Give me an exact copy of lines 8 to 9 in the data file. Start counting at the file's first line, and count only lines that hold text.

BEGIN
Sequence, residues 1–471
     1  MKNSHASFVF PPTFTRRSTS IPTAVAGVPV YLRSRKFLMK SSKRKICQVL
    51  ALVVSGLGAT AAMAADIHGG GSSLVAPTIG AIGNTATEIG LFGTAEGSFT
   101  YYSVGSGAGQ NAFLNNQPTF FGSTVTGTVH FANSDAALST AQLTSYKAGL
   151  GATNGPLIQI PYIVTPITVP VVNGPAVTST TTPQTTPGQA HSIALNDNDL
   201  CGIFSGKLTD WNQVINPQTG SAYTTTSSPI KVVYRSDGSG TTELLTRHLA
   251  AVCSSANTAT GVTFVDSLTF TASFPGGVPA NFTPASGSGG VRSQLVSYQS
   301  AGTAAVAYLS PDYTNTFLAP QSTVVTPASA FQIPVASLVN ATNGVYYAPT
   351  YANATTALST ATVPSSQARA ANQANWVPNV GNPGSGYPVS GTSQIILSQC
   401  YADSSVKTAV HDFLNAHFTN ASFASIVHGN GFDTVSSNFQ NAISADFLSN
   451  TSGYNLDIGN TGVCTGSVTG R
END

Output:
   301  AGTAAVAYLS PDYTNTFLAP QSTVVTPASA FQIPVASLVN ATNGVYYAPT
   351  YANATTALST ATVPSSQARA ANQANWVPNV GNPGSGYPVS GTSQIILSQC